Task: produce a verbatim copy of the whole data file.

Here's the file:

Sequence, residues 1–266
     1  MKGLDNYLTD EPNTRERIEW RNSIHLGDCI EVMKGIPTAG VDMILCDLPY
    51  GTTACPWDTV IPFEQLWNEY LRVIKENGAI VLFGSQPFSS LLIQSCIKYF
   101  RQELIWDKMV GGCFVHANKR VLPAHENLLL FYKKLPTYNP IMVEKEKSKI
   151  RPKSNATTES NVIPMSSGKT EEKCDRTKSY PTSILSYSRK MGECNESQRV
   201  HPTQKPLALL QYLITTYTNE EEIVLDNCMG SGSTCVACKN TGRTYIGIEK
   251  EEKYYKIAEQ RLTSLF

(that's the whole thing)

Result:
Sequence, residues 1–266
     1  MKGLDNYLTD EPNTRERIEW RNSIHLGDCI EVMKGIPTAG VDMILCDLPY
    51  GTTACPWDTV IPFEQLWNEY LRVIKENGAI VLFGSQPFSS LLIQSCIKYF
   101  RQELIWDKMV GGCFVHANKR VLPAHENLLL FYKKLPTYNP IMVEKEKSKI
   151  RPKSNATTES NVIPMSSGKT EEKCDRTKSY PTSILSYSRK MGECNESQRV
   201  HPTQKPLALL QYLITTYTNE EEIVLDNCMG SGSTCVACKN TGRTYIGIEK
   251  EEKYYKIAEQ RLTSLF